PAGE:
Language Selection

English French German Italian Portuguese Spanish

First Month on the New Server (Updated)

Filed under
Site News

Tux Machines behind Varnish cache proxy

Chart for Tux Machines

Summary: Tux Machines growth and a note regarding SPAM prevention after a week or so of experiments

Here are the first four weeks' log sizes, plotted with LibreOffice and demonstrating week-to-week growth since the site's nameservers changed and the server moved to CoPilotCo. After 4 weeks all logs get deleted (logrotate) to ensure privacy through lack of data retention (except short term in case of DDOS).

SPAM has made it practically next to impossible (see updates) to allow people to register to comment without also restricting posts (forum, blog, news) by non-moderators. If you are running a blog or want to submit stories, then a new role is needed. We are still working on a solution that would help reduce SPAM, make it easier to quickly remove SPAM, and enable everyone legitimate to post without time barriers/CAPTCHA.

Varnish makes the logs size very limited; it is the same cache proxy shared with Techrights. It generates about 3 MB of logs per minute (Techrights logs are almost 3 times bigger than those of Tux Machines).

Update: We are now experimenting with some SPAM filters, hoping to restore write access to previously-abused (by spammers) areas of the site.

More in Tux Machines

Android Leftovers

Emulator now runs x86 apps on all Raspberry Pi models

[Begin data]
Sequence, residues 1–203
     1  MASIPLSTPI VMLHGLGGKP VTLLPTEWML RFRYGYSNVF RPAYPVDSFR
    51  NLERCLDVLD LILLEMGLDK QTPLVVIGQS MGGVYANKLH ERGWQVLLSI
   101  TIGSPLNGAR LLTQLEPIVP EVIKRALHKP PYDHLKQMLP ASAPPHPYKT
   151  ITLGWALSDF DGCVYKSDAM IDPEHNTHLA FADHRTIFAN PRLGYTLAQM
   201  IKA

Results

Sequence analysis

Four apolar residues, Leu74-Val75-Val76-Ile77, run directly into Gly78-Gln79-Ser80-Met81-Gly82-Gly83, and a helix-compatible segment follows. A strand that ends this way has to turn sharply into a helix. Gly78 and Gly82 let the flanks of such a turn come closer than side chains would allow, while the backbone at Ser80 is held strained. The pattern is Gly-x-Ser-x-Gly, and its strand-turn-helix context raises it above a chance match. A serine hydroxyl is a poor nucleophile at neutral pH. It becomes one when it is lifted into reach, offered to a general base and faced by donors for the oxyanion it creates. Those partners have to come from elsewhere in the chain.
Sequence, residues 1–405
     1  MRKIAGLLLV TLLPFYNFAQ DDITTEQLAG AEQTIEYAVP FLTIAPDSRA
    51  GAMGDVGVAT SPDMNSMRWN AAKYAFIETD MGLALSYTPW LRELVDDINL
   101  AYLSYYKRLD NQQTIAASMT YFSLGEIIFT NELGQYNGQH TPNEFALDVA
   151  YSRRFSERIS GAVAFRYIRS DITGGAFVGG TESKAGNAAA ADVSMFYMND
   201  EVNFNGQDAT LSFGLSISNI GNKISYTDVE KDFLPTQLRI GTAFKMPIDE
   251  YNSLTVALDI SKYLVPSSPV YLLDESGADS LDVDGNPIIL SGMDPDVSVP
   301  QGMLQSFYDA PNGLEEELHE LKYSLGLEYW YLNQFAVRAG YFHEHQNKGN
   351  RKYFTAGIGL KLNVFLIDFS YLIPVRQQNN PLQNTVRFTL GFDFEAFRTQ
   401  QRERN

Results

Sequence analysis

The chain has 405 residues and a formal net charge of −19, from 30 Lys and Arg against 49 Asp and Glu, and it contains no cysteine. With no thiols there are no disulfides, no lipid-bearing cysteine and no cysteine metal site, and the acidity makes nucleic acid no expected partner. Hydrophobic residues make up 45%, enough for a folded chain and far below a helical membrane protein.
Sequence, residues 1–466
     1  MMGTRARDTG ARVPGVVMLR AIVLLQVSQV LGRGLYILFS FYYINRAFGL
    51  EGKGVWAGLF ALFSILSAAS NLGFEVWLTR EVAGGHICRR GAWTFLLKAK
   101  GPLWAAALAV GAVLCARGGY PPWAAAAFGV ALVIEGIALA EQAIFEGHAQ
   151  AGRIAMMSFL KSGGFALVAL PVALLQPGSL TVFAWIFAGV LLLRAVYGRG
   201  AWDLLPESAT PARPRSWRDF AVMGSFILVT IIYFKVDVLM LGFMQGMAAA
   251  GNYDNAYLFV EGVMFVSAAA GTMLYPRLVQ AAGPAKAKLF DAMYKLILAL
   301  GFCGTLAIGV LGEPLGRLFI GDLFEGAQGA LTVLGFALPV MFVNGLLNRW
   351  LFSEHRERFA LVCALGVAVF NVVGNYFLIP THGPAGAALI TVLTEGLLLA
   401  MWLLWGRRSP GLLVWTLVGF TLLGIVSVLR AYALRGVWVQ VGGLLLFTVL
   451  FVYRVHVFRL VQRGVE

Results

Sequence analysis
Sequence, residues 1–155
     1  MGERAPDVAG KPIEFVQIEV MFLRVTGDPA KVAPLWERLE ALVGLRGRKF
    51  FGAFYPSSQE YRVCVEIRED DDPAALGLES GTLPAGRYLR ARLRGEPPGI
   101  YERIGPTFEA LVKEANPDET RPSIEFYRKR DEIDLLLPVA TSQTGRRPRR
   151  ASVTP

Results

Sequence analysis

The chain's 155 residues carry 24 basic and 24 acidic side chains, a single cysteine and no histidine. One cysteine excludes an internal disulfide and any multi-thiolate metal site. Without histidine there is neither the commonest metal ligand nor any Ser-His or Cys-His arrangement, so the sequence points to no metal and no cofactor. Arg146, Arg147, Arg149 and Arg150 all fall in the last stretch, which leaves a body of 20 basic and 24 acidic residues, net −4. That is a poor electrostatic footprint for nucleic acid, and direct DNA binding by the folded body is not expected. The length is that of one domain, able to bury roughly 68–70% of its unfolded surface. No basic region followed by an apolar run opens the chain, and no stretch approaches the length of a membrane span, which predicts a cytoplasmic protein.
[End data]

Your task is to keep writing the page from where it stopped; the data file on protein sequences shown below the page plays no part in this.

Eltech’s faster ExaGear Desktop software version now supports ARMv6, in addition to ARMv7, letting users run x86 apps on all models of the Raspberry Pi. Russia-based Eltechs announced its ExaGear Desktop virtual machine last August, enabling Linux/ARMv7 SBCs and mini-PCs to run x86 software. That meant that users of the quad-core, Cortex-A7-based Raspberry Pi 2 Model B, could use it as well, although the software was not yet optimized for it. Read more

Maintaining an open source project at the Guardian

Over the 2015 Easter holiday the Scribe project received more than 3000 stars (a combination of bookmarking, liking and favouriting) on Github, making it easily one of the most popular open-source projects we have created at the Guardian. In addition to that milestone we also celebrated the release to our internal production systems of a number of community-contributed changes to Scribe. Guardian journalists now benefit every day from participation in the open-source community! Read more

Trade agreement could prohibit open source code supply

An international trade agreement under negotiation with Australia, the United States, the European Union and others may have wide-ranging implications for the technology users, according to civil liberties groups. The Electronic Frontier Foundation has analysed leaked drafts of texts for the Trade In Services Agreement (TISA) written in February this year, and claims it would prohibit countries involved from forcing vendors to disclose source code used for applications in their equipment. Read more